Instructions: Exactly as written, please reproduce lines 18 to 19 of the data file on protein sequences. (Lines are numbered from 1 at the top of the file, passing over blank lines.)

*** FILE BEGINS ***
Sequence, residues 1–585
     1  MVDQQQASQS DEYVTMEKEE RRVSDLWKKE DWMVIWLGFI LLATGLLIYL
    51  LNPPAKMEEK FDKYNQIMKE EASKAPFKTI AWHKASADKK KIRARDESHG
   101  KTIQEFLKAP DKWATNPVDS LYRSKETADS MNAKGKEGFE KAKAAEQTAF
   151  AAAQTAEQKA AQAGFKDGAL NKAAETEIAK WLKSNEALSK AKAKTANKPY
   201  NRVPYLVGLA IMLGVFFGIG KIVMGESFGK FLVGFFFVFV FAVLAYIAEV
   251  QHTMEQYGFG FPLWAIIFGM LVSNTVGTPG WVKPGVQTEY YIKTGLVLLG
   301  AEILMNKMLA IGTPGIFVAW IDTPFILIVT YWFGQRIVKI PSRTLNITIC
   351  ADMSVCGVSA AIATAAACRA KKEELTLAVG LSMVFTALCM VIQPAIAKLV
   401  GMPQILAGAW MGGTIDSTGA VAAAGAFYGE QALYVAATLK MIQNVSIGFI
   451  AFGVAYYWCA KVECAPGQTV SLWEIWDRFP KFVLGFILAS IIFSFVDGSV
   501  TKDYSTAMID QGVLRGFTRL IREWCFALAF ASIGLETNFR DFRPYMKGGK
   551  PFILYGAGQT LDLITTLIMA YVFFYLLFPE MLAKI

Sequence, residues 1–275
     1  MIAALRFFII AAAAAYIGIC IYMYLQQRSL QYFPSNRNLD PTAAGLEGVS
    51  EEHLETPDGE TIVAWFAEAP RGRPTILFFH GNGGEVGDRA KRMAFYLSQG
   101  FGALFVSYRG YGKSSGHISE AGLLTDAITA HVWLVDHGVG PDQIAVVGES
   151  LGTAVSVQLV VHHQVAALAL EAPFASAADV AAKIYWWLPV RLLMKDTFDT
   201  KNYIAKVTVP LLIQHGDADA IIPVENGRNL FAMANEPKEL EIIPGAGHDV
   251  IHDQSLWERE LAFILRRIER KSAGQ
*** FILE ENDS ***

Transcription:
   151  LGTAVSVQLV VHHQVAALAL EAPFASAADV AAKIYWWLPV RLLMKDTFDT
   201  KNYIAKVTVP LLIQHGDADA IIPVENGRNL FAMANEPKEL EIIPGAGHDV